r When the young ruler, who put the question to our Saviour on the second of the occasions which we have considered, declared to him that he had kept all those things, (meaning the substance of those two commandments,) from his youth up; we cannot understand the assertion of more than a sincere wish and endeavour to keep them: of his actual success in keeping them, perhaps the words afford no proof. Besides, most of the particulars just before recited, were rather negative than positive duties; rather such things as were to be avoided, than such things as were to be done. Now it is one thing not to be vicious; and another to be virtuous. A man may never have been guilty of positive crimes, and yet not be remarkable for particular goodFor this reason, the word épuλagáμŋy, in the observations of the young man, ought rather to be rendered, "I have guarded "myself from; I have abstained from; I have avoided;" (which is its proper sense ;) than, "I have kept"-which would have required épúλaga. But in any case, our Saviour who best knew the extent of his performances, and the degree of his proficiency, shews plainly by his reply to him, that he was not yet perfect; that something was still necessary to make him so: which something was to part with his temporal possessions for the sake of Christ; to give them to the poor, and to trust to be rewarded in heaven; to take up the cross, and to follow him. Alas, for poor human nature! these seem to be conditions much within the power of an aspirant after perfection, and readily to have been complied with. Yet they were more than he could bring himself to submit to, who had just boasted that he had never fallen short of legal righteousness.

to his question, though such might evidently have been returned; nor yet subjoined the moral of his own example, but left the interrogator to draw it himself, and so to answer his own question.

Upon questions of practice, a well-chosen case in point does more to illustrate the rule of duty, and to explain the line of conduct to be pursued under the necessary circumstances, than any general and abstract statement. An example bears to a precept the same sort of relation, as a picture to a description. Both the former convey clearer and stronger conceptions of the particular idea which is desired to be impressed, than the latter. The meaning of an action cannot be mistaken, nor the inference to which it leads, evaded. An example, considered as a matter of fact, supplies premises which have the force of necessity, and suggests conclusions which come with the power of a demonstration. General principles, to be rendered available as rules of conduct, would still require to be specially applied in particular cases; and in making that application of them, there would be room for both intentional and unintentional confusion and mistake. A single instance, on the ground of analogy or the argument a pari, may be abundantly sufficient to serve as a specimen of every other case of like kind with itself: while, for the practical end and purpose designed by all such illustrations in common, it is best that the principle which applies to the class of these cases in general, should be inferred from the one instance adduced, which both ascertains its truth, and shews its application. The abstract principle is thus inculcated, and its practical operation is shewn at the same time; and while the former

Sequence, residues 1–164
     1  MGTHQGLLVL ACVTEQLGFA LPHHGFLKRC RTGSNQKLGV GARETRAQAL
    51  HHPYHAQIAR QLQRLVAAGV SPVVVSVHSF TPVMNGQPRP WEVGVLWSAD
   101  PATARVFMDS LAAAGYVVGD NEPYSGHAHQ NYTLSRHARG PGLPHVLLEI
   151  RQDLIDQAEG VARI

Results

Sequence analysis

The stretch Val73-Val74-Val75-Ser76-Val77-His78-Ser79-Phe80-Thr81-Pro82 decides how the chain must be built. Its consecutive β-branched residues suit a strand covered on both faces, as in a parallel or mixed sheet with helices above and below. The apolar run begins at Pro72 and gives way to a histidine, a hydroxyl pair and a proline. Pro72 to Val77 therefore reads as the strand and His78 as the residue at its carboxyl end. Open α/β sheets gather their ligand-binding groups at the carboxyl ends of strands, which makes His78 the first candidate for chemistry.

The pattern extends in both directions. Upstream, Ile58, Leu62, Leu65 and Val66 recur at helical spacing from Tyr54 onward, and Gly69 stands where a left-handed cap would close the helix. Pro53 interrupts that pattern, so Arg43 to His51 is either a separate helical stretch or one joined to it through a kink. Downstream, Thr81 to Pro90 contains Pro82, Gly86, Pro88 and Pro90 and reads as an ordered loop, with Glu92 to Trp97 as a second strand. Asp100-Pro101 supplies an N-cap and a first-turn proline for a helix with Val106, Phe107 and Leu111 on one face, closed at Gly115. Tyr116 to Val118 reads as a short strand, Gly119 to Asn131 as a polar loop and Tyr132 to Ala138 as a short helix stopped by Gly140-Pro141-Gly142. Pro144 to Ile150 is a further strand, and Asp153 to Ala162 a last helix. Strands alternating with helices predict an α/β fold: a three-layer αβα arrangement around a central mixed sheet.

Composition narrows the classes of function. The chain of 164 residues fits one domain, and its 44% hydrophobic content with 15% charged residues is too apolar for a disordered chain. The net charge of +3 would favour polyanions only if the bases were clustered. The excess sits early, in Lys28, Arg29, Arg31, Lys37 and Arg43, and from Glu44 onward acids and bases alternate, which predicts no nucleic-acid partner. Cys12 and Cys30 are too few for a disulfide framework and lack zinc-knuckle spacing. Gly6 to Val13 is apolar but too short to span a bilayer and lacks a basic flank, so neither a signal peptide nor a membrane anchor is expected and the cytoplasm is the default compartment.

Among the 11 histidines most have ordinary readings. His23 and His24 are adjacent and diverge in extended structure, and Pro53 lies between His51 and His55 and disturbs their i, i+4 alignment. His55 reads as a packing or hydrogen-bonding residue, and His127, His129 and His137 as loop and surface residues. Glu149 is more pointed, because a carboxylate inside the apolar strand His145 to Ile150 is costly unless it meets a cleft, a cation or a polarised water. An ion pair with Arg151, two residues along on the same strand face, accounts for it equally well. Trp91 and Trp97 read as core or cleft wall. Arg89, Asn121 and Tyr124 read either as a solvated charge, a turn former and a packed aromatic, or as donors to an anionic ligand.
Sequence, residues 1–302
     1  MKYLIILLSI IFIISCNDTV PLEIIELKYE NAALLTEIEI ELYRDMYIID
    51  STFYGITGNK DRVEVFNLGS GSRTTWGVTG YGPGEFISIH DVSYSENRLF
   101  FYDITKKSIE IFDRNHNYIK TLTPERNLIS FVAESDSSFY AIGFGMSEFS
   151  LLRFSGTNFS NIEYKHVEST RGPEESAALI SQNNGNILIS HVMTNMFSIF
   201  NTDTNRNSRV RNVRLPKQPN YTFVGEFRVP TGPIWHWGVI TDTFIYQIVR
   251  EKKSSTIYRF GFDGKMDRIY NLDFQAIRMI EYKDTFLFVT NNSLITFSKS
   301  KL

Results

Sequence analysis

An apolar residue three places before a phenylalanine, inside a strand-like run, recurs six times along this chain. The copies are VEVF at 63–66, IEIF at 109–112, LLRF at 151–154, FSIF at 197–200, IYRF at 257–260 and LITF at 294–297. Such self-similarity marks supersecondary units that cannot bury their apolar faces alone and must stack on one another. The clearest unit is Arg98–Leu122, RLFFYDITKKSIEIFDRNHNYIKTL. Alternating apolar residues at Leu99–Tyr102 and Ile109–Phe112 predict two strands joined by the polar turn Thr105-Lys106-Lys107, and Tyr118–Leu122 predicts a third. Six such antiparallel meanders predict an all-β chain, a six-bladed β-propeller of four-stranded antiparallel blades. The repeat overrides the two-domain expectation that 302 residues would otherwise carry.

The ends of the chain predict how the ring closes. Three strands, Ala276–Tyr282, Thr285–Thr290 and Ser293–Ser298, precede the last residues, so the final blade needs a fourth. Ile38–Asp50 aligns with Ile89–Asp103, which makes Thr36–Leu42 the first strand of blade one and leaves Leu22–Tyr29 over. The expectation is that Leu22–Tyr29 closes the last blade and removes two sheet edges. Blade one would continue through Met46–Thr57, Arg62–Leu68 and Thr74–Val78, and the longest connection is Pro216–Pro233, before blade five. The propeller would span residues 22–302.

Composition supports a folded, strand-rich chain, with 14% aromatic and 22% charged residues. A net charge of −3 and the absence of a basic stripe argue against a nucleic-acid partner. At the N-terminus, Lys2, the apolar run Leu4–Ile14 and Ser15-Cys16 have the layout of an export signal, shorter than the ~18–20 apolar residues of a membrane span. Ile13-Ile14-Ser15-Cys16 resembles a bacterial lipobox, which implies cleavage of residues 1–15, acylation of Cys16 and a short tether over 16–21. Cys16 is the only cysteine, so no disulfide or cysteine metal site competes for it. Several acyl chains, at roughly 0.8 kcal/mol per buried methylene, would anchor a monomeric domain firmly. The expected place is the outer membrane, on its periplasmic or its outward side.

is most distinctly conveyed to the understanding, the latter is not less forcibly recommended to imitation; and that too from the most engaging and persuasive of motives, the sensible experience of its good and beneficial effects.

The conclusions which we draw for ourselves, are generally the most agreeable to our self love; the most convincing, and the most likely to be remembered. Few minds would be willing to receive instruction, with an absolute submission of their own judgment or understanding, to that of another person. Their pride would be offended at seeming to be so treated, as if they were incapable of thinking or reasoning in any degree for themselves. This prejudice is removed, when a certain deference appears to be shewn to their own opinions. The same degree of information may be communicated to them, and they may be just as much indebted to another for it, in this case, as in any other; but the mode of the communication makes the discovery of the truth in some measure their own, and therefore finds them more favourably disposed to receive it, and more likely permanently to cherish it. They are taught and instructed all the while; but not so, as to be made too sensible of their obligations to their teacher.

If there was any disinclination on the part of the inquirer, or though there might be none in him, if there was a repugnance on the part of others, who might be present at the conversation, to receive the truth on such a question as this, if plainly stated-if it would have shocked the force of ancient prejudice, and done violence to feelings and opinions, long cherished, to be told openly that